However, if you hold it as it's clearly designed to be held, much closer to your body with your elbows tucked in, not only will you get a much more steady grip, but the layout of the controls becomes perfect. The little bulge for the mode dial becomes a thumb rest; the index finger of your right hand falls on the shutter button; and your left hand supports the bottom of the camera and the lens ring, ready to change whatever function you've set. There's a lot of thought gone in to this design.
In use, it feels very much like a small DSLR, at least a Canon one - the two control wheels mean you don't need to look at what button you're pressing or delve into the menus too often - but you can control the camera like a more traditional digital compact if you want to. But it also feels like a much more traditional camera than almost any other digital camera I've used - the tactility of the lens ring and pop-up flash make it feel far more mechanical, and far more German than any other digital I've used - it has the feel of a Rollei, and from me, that's about the highest praise you can get.
The screen is excellent, and copes well in direct sunlight. Mine displays a live histogram and a grid - which is in thirds. The rear wheel feels a bit odd at first - no click stops - but that again reminds me of Rollei, as the shutter speed dial on the SL35E didn't have any either. I'm surprised I don't move it accidentally, but I don't - and it actually feels very precise in action.
Couple of other things I've not mentioned yet - the lens is f2, at least at the wideangle end, it has Image Stabilisation, and ISO values to 3200. Now the old S70 went up to just ISO 400, and was pretty noisy at that level - the S90 is at least two stops better, with 400 perfectly usable and even 3200 usable.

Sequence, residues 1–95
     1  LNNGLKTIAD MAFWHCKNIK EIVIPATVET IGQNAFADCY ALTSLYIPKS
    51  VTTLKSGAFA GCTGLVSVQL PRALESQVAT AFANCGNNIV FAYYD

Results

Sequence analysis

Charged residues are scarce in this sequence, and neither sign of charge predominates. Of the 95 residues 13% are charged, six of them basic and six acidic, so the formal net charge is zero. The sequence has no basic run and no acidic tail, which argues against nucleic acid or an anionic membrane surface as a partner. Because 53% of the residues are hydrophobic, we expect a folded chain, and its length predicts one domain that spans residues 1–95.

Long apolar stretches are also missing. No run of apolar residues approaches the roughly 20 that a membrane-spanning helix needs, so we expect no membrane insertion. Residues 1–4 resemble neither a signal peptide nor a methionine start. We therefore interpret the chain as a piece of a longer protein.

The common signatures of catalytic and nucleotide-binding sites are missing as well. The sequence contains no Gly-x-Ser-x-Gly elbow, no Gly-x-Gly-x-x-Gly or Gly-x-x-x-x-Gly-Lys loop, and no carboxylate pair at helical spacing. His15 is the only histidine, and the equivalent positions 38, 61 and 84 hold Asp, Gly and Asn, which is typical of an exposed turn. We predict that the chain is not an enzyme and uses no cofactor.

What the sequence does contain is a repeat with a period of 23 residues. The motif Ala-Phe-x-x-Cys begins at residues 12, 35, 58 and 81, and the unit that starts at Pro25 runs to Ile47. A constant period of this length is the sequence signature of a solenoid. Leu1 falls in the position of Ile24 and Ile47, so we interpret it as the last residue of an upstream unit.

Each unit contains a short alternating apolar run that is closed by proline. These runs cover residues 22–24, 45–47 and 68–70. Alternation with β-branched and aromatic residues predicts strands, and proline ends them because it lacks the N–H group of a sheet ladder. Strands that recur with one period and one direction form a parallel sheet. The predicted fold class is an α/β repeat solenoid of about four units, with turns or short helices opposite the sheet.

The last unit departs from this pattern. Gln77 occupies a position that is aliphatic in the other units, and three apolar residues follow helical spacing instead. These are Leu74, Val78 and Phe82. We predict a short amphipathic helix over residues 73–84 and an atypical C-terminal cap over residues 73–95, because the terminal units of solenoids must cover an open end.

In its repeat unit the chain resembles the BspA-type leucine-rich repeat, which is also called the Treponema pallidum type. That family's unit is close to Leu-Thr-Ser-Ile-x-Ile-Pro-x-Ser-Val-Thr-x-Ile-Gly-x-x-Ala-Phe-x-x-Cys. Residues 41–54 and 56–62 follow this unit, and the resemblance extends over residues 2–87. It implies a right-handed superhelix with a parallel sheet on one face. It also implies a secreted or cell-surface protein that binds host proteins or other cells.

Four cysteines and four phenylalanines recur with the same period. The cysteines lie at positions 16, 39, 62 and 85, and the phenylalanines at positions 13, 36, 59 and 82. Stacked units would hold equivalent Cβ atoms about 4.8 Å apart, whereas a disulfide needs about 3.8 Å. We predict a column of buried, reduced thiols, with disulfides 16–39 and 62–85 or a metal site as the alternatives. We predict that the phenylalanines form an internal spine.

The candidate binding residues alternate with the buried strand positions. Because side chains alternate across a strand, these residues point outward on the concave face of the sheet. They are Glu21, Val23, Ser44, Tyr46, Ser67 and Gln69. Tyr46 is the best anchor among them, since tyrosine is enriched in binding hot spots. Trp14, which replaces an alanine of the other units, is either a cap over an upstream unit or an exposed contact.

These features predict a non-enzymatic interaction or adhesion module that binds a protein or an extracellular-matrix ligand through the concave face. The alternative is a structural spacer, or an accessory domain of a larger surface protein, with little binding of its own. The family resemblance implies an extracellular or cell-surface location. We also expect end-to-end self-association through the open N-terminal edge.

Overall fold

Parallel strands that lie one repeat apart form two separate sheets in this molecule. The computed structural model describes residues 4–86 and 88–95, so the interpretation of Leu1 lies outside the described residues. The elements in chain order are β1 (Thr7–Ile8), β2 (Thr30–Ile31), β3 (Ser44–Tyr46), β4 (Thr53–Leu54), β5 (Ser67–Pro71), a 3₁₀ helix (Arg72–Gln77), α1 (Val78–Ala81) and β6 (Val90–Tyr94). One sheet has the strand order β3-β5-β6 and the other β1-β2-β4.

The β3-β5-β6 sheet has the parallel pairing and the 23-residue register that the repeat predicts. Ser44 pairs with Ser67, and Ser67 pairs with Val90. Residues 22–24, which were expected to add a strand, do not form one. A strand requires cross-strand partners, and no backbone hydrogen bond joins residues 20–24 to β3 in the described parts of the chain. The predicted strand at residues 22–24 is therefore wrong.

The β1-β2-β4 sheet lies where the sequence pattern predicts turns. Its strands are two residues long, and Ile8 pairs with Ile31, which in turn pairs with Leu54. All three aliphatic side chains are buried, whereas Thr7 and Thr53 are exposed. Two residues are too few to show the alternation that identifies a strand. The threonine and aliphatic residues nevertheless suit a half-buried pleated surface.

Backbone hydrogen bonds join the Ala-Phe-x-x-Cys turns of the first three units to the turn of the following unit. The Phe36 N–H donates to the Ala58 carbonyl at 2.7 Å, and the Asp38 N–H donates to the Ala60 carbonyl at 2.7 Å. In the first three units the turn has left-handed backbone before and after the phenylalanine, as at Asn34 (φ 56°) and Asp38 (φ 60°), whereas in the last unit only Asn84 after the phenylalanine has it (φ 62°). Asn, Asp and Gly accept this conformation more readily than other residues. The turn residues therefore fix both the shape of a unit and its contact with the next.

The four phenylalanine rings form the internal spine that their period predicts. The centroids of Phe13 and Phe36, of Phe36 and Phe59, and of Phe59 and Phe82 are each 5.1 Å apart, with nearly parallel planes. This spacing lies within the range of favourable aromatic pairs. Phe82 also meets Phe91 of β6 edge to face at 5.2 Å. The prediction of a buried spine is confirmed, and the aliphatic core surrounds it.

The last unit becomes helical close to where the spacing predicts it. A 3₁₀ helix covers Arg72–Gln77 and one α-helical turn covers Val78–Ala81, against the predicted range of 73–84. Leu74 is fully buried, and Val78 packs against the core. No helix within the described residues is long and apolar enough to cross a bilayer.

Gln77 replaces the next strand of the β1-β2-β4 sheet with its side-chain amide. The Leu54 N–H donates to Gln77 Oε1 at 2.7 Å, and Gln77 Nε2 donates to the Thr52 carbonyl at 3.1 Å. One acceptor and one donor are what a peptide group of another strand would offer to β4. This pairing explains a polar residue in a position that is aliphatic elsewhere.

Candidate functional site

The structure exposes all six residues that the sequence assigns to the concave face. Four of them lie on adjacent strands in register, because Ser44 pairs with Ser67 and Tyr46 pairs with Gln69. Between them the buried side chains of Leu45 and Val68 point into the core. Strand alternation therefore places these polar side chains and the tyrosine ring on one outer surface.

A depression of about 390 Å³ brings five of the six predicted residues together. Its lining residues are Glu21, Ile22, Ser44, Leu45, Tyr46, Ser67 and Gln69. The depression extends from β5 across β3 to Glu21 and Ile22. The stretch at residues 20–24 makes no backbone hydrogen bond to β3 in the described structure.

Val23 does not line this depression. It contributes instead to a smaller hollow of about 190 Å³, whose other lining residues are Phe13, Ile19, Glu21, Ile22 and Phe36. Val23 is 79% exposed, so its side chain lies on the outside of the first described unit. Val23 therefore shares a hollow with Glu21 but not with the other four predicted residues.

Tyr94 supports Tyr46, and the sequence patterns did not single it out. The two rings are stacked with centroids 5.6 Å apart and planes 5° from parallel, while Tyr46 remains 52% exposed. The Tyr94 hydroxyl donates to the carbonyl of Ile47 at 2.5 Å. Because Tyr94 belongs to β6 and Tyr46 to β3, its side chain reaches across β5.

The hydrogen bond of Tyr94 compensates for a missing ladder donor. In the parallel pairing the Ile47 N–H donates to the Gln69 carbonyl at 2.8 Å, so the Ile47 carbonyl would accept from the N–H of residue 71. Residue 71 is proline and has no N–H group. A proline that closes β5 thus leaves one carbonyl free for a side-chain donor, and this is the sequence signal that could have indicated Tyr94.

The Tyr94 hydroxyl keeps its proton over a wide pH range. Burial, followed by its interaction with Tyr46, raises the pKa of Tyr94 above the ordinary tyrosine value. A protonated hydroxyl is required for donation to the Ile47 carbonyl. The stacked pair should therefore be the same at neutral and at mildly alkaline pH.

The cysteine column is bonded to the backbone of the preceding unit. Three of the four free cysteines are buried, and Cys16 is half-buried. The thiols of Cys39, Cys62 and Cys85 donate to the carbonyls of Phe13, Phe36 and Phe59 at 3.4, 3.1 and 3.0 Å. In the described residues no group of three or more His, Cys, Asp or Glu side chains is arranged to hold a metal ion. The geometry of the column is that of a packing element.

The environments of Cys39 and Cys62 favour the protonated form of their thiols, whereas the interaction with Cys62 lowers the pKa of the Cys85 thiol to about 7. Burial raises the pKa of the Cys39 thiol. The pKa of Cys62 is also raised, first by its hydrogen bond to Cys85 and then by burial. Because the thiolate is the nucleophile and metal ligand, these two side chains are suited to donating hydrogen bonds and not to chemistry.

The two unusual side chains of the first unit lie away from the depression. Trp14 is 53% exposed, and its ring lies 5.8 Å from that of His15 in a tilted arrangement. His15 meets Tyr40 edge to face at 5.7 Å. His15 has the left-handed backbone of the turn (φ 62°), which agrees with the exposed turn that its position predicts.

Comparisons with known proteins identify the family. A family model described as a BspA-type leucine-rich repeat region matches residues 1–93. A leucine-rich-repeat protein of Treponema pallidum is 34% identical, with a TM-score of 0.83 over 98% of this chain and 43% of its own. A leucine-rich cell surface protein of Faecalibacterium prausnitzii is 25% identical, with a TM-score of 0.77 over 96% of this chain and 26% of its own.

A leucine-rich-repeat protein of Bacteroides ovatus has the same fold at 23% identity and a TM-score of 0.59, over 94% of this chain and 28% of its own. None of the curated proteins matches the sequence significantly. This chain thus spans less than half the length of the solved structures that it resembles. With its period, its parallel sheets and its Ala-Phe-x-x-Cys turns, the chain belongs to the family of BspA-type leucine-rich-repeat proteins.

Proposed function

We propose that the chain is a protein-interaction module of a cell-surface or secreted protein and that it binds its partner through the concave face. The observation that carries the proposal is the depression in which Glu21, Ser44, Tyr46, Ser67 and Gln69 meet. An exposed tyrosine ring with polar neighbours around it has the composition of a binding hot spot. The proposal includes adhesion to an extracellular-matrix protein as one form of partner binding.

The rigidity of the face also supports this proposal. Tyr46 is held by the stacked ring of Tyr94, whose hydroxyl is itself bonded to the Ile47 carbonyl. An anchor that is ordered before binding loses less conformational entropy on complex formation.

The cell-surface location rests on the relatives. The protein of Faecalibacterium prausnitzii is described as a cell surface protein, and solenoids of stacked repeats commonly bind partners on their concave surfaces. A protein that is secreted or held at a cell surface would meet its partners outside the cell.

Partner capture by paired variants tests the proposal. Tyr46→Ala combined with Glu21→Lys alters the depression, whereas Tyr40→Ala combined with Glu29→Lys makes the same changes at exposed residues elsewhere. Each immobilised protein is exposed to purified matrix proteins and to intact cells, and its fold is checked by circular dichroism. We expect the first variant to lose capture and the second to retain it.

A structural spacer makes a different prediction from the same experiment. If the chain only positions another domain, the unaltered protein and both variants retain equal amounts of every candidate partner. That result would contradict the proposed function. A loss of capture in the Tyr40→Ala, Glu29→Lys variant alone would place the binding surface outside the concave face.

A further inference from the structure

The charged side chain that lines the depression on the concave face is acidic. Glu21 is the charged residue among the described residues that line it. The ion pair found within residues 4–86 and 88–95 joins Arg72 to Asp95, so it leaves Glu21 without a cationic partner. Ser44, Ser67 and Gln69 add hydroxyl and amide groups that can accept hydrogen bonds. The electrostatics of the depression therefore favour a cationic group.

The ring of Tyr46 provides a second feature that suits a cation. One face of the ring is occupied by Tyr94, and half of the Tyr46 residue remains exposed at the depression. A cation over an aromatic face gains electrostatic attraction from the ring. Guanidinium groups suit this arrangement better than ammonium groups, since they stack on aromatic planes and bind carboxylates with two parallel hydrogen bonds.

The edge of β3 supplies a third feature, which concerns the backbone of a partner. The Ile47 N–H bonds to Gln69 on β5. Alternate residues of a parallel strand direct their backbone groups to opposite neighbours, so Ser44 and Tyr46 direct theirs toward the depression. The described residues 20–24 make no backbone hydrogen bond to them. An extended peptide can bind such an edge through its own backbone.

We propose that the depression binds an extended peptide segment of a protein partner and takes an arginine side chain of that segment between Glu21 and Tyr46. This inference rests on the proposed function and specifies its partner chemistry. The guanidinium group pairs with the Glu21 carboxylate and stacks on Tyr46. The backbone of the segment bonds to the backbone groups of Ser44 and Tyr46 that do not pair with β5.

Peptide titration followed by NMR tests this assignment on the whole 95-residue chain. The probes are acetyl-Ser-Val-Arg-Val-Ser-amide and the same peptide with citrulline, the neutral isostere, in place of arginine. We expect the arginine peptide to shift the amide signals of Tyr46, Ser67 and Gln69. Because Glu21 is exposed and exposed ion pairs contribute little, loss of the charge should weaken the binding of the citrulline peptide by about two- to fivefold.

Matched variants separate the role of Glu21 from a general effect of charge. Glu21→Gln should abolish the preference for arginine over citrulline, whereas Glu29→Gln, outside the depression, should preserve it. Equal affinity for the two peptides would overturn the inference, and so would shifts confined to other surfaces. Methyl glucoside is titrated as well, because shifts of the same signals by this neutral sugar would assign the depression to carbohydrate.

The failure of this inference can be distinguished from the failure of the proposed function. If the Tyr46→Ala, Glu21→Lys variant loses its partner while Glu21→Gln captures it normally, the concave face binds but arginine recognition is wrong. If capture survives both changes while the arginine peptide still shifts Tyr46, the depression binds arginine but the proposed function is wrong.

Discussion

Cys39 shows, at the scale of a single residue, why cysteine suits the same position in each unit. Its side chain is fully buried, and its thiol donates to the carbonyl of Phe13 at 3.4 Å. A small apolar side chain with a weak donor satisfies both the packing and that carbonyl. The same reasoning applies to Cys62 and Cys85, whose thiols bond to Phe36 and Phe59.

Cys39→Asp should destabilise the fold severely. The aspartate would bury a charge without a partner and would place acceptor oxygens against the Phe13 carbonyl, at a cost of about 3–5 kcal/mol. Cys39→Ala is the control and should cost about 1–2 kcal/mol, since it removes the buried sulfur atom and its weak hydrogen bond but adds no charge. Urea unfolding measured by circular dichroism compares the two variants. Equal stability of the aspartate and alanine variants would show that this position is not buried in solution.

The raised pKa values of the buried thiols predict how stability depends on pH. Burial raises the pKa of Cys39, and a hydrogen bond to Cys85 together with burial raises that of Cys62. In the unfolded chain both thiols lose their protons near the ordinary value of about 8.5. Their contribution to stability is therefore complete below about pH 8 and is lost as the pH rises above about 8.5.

Which brings us to image quality. The S70 produced really rather good images at the bottom of its ISO range from its 7.2 MP, better than many more recent compacts with overstuffed sensors. The S90 certainly seems to produce very good results up to ISO 400, and usable ones beyond - given my expectations of a compact, anyway. There is a "but", and that's the level of distortion the lens produces. Opening a RAW image with ACR, there's a lot of barrel distortion at 28mm equivalent - but in Canon's DPP, straight lines return to normal as if by magic.
So, all in all I think it's more than a fine return to form for Canon with the S series. This little camera is a masterpiece way in advance of the earlier model in every way I can think of - it looks better, feels better, performs better, fits into a pocket better and above all, takes better pictures. I love it, in case you haven't guessed.
Is there any other compact that comes near?
Thanks for the review. I've been researching compacts for a few weeks and just can't make up my mind which to go for but this review has almost persuaded me. I gave my DSLR (350D) to my daughter recently who is a much better photographer than me and I need something to replace it.
I feel like I'd be better with a serious compact as my wife is also a much better photographer than me and I can't really compete. She uses Sony gear whereas I've always felt more comfortable with Canon. Any other recommendations from anyone?
It's certainly a cracking little camera...Nick was raving about it so I got one for the g/f and it's fantastic. As a walkabout camera for pics of family, scenery etc I think it's ideal.